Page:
by April Corbin Girnus, Nevada Current
Assembly Bill 289, sponsored by Assemblyman Max Carter, authorizes the use of “natural organic reduction” — also known as human composting — for the disposition of human remains. It does this by expanding the state’s definition of cremation to include “the contained, accelerated conversion of human remains to soil.”
The bill advanced out of the Assembly Committee on Health and Human Services on Friday and could be up for a floor vote as soon as Monday.
If the bill becomes law, the Nevada Funeral and Cemetery Services Board would regulate and oversee any businesses that emerge to offer the service within the state.
Washington first legalized human composting in 2019. Colorado, Oregon, Vermont, California and New York have all followed suit. Nevada is one of at least half a dozen states where legislation has been introduced to legalize the practice going forward.
Carter told the committee he was inspired to sponsor the bill by his involvement in the trauma and grief world. The assemblyman, an electrician turned union contract negotiator, became a certified trauma recovery yoga instructor in 2019 and volunteers with the Trauma Intervention Program of Southern Nevada.
“This is a process that could possibly bring a little bit of light in somebody’s darkest hours,” said Carter, who is serving his first term. “We never know what it is that’s going to provide solace, a little bit of comfort. I believe this could be one of those things that possibly could.”
Many people are receptive to the idea of natural organic reduction after death, said Tom Harries, the CEO of Earth Funeral Group, who helped present the bill. The practice is considered more environmentally friendly than burial, which involves hazardous embalming chemicals, and cremation, which typically uses fossil fuels and produces carbon dioxide.
“Broadly speaking, this is a matter of consumer choice,” said Harries. “This is a perfect process for individuals who are trying to minimize their carbon footprint. This is a perfect process for individuals who enjoy spending time outdoors and in nature. It’s a natural process that returns you to nature. And there are also a lot of people who simply do not resonate with burial or cremation.”
According to the Cremation Association of America, Nevada has the highest cremation percentage in the country, with 81.6% of human remains cremated. Nationally, the cremation rate was 57.5% in 2021.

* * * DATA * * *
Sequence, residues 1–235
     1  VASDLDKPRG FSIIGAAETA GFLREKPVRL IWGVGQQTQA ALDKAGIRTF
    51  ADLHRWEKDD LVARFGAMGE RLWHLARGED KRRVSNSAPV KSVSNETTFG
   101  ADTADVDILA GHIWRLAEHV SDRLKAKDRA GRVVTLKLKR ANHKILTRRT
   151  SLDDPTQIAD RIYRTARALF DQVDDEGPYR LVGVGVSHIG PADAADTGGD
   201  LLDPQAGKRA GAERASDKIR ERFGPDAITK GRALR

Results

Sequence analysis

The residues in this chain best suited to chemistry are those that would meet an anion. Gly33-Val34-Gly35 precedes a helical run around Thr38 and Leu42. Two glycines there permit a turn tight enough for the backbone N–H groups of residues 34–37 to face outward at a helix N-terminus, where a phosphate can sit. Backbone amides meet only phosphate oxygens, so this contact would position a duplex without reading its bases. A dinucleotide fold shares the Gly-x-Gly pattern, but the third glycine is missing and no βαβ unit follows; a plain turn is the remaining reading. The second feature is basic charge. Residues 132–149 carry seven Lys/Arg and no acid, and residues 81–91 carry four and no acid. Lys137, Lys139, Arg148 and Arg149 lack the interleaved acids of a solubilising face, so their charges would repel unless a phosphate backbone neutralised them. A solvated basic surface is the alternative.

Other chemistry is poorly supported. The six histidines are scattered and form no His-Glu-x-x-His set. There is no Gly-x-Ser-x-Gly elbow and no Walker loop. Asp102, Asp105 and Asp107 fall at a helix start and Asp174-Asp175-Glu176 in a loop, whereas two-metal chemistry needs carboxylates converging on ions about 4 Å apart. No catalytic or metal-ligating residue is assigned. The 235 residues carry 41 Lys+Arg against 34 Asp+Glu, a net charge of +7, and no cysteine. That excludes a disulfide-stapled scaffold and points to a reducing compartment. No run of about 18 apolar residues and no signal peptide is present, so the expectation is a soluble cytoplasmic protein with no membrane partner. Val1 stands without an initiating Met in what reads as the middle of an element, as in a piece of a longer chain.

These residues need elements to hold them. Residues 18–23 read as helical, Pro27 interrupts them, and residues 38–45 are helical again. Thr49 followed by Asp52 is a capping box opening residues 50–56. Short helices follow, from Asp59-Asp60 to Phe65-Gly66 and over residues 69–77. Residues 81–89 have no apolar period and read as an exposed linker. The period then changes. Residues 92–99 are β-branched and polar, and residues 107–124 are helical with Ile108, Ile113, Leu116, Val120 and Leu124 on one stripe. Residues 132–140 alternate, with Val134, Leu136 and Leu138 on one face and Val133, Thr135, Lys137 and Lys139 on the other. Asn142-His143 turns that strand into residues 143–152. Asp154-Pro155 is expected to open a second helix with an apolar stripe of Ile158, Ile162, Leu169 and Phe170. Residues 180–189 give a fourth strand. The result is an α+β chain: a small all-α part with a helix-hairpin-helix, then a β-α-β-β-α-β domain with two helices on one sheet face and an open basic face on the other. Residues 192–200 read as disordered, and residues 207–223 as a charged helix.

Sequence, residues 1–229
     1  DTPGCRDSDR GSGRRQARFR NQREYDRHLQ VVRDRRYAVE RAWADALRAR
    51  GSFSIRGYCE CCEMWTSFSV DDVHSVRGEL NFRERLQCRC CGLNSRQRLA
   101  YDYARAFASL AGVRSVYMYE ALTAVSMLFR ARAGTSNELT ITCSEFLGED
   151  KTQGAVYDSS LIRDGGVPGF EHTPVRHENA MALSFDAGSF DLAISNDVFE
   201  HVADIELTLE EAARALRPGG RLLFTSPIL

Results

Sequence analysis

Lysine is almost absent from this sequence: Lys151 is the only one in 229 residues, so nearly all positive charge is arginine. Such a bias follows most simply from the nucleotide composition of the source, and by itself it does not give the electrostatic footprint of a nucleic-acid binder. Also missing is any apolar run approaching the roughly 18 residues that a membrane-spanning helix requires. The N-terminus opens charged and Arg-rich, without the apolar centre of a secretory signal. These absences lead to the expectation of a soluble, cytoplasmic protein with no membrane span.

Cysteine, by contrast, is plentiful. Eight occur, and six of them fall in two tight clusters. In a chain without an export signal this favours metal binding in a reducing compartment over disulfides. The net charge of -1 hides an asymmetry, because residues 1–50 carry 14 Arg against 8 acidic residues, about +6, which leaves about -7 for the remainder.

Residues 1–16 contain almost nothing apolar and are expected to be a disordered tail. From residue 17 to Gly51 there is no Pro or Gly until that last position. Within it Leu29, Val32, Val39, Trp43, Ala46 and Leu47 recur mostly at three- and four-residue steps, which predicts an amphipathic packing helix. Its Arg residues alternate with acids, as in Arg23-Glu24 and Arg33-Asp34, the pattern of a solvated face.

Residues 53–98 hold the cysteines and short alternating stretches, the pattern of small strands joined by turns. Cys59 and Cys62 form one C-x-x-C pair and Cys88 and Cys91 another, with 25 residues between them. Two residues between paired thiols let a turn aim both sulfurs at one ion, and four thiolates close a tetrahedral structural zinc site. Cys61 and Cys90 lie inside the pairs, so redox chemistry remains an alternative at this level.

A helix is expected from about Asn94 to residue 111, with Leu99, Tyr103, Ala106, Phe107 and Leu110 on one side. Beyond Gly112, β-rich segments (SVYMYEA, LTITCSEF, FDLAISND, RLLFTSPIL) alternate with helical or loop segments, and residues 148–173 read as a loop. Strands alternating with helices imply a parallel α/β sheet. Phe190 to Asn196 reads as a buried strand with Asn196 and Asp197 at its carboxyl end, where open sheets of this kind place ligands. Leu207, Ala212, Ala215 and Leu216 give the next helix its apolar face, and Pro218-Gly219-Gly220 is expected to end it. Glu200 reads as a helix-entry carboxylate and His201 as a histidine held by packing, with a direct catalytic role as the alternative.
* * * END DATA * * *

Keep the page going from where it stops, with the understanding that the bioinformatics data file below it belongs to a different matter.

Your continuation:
AB 289 is written broadly to allow for any businesses to emerge, but Harries described for the Assembly committee the steps involved with his company, Earth Funeral. Their “soil transformation facilities” have stacks of “vessels” that contain the body and monitor and maintain the perfect conditions for microbes that decompose the body. The process involves no chemicals or insects, just science for “optimizing and accelerating” nature, said Harries.
Remains typically stay in the vessel between 30 and 45 days, after which the result is a cubic yard of nutrient rich soil. (As for materials that are not biodegradable, such as metal implants, funerary composters handle them the same way as crematoriums.)
The family can then decide how much of that soil they want and dispose or use it in whatever way they see fit. Harries said some families decide to scatter their loved one’s soil in beautiful or meaningful places. Others use it for planting memorials.
Whatever soil isn’t collected — “a cubic yard is a lot for most people,” Harries explained — is used by the company for conservation or restoration projects.
In Washington, Earth Funeral owns private land where it uses the uncollected soil to plant trees.
Harries said that since the first funerary composting business opened in the Evergreen State in 2020, 0.5% of human remains have been disposed of using the option. He and other industry insiders expect use to rise as more people become familiar with the option.
According to Harries, a 2020 report by the National Funeral Directors Association found that 4.1% of people would be interested.
“I imagine it has gone up since then,” he added. “We believe if people knew, they’d pick it as an option.”